COVID-19 Morning Update
The latest update from the Florida Department of Health, Thursday evening, reports 443 new confirmed cases of the coronavirus, bringing the statewide total to 23,340 cases.
State health officials also reported 35 new deaths, bringing the death toll to 668. There have been 3,458 coronavirus-related hospitalizations in Florida, although that number includes people who have been treated, recovered, and released. 1,454 of Florida’s positive cases of the virus have been detected in nursing homes.
When it comes to the rate of testing, an analysis by the News-Press and the Naples Daily News finds that Florida is behind 20 other states. The more than 220,000 COVID-19 tests that have been conducted in Florida, so far, account for about one % of the state's population. Florida’s testing rate is slightly above the national average of 0.95%. New York has the highest rate with about 2.6 % of the state's population now tested for the virus.
Why Florida's testing rate lags behind is unclear, but the state is more restrictive than others when it comes to who gets tested. In Florida only people who meet certain guidelines and are showing symptoms are being tested, and even some with symptoms report having a difficult time getting tested.
Meanwhile, officials in Tennessee announced this week that anyone there can get tested for the virus, even if they're not experiencing symptoms.
The federal Paycheck Protection Program has run out of money days after several groups and officials warned the fund was shrinking. Officials are still urging businesses to prepare their applications in anticipation Congress will earmark more funds.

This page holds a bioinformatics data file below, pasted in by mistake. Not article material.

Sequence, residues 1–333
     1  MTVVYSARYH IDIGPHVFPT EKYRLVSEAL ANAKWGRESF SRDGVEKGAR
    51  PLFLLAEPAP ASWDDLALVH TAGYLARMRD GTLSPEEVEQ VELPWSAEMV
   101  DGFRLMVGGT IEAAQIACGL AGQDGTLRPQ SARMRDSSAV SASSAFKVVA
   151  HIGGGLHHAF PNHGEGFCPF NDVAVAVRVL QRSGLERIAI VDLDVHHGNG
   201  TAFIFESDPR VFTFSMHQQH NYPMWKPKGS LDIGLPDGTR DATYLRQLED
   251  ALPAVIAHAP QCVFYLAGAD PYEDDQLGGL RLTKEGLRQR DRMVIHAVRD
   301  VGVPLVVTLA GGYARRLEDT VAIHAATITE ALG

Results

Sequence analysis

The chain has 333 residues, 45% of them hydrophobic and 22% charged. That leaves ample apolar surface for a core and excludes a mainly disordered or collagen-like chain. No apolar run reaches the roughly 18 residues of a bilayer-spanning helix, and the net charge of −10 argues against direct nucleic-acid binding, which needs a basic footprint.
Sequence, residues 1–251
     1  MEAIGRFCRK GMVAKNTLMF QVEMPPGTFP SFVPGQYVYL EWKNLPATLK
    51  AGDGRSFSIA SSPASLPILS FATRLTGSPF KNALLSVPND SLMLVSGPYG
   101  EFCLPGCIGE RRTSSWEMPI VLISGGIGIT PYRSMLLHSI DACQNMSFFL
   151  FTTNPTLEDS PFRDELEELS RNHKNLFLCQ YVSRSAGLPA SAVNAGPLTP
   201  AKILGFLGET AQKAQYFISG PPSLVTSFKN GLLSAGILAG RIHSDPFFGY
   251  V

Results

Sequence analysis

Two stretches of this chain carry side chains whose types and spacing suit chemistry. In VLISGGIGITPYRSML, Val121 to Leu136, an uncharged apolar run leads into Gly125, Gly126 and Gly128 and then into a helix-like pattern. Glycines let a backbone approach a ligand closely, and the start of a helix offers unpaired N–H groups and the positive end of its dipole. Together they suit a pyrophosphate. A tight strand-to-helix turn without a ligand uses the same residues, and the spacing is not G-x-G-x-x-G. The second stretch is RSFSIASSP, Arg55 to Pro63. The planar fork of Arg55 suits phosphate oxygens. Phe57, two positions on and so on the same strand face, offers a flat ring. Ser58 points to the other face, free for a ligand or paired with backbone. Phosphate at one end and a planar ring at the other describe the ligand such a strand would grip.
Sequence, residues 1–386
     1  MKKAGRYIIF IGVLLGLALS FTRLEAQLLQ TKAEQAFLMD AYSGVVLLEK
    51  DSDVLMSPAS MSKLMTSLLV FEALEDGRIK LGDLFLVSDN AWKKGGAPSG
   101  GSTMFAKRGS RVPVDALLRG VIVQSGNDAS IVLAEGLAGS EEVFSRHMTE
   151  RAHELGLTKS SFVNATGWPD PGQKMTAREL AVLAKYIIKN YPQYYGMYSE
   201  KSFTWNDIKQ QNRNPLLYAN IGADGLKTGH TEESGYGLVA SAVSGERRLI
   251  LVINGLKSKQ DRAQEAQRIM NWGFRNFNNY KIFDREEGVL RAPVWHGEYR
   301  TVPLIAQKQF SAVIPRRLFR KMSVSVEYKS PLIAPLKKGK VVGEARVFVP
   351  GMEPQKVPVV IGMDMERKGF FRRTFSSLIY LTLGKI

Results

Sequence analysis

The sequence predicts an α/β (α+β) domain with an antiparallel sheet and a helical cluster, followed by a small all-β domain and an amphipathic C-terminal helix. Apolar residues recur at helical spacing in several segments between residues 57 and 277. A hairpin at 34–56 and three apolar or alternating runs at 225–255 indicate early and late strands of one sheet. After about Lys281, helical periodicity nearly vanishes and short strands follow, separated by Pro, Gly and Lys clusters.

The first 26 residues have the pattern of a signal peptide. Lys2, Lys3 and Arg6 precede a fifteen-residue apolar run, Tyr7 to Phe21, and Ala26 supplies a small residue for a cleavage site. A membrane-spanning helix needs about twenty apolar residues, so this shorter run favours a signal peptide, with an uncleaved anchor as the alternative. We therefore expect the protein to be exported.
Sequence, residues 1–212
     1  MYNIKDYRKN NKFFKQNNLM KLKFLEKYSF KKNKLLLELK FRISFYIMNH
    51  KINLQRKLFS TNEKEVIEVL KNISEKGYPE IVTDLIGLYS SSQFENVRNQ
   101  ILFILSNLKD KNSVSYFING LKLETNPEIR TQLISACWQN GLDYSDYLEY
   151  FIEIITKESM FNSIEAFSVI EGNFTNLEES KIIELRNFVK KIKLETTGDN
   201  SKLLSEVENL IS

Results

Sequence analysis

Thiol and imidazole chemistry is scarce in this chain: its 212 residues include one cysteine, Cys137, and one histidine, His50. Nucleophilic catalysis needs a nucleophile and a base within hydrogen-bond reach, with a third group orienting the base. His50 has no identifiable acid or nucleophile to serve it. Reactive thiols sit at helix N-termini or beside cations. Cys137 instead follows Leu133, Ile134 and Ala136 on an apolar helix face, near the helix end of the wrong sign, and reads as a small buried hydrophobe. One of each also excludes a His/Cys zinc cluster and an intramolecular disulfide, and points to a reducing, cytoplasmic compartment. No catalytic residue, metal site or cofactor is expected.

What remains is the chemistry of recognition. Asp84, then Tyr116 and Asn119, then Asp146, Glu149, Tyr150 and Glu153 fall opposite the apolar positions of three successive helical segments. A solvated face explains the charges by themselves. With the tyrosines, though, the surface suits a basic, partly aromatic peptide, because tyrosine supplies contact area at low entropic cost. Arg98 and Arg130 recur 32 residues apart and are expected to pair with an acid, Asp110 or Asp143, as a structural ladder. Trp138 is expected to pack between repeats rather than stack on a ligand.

Creators of the Paycheck Protection Program sought to prevent employee layoffs by giving small business owners the money they need to pay their employees. Now, those funds have dried up, leaving many small businesses in Florida floundering.
"If you did not make it on this go around, that's okay. We're very confident, and we're hopeful that Congress will enact a CARES Act part two," says CEO and President of the Florida Bankers Association Alex Sanchez.
The CARES Act was a federal coronavirus relief package that funded the Paycheck Protection Program. While they wait for a potential part two, Sanchez recommends small business owners go to their FDIC bank and fill out all the documentation they need, so they are ready when the program begins accepting applications again.
"There are an awful lot left at the curbside, and all of them were told by Congress that they should continue to pay their payroll, and they will be there to back them up. So, this needs to be fixed," says Executive Director of the National Federation of Independent Business in Florida Bill Herrle.
Presuming the state remains under a stay-at-home order, Herrle says in the worst-case scenario layoffs could start to rise again as they did immediately at the outset of the COVID-19 outbreak.
Gov. Ron DeSantis recently announced more than 50,000 businesses had gotten their loans approved. Still, Herrle says there's a big difference between having a loan approved and getting the money wired to an account.
"We're talking about two log jams here. The first is the businesses that were able to get in line quickly, get a loan approved, who are still waiting for that wire transfer... Another equally large population of Florida business owners for whom the money ran out before they could get in line," Herrle says.
Sanchez comments that business owners who already have their loan approved will get their money, but those who haven't will have to wait to see if Congress puts more dollars into the program.
Gov. DeSantis is assembling a team to determine when and how the state can start to reopen after massive economic damage. DeSantis is expected to have a task force in place by the end of the week amid shuttered businesses and unemployment numbers that continue to spike in Florida and across the nation.
The U.S. Department of Labor, Thursday, reported an estimated 181,000 first-time unemployment claims were filed in Florida during the week ending April 11, putting the state at nearly 600,000 claims over three weeks.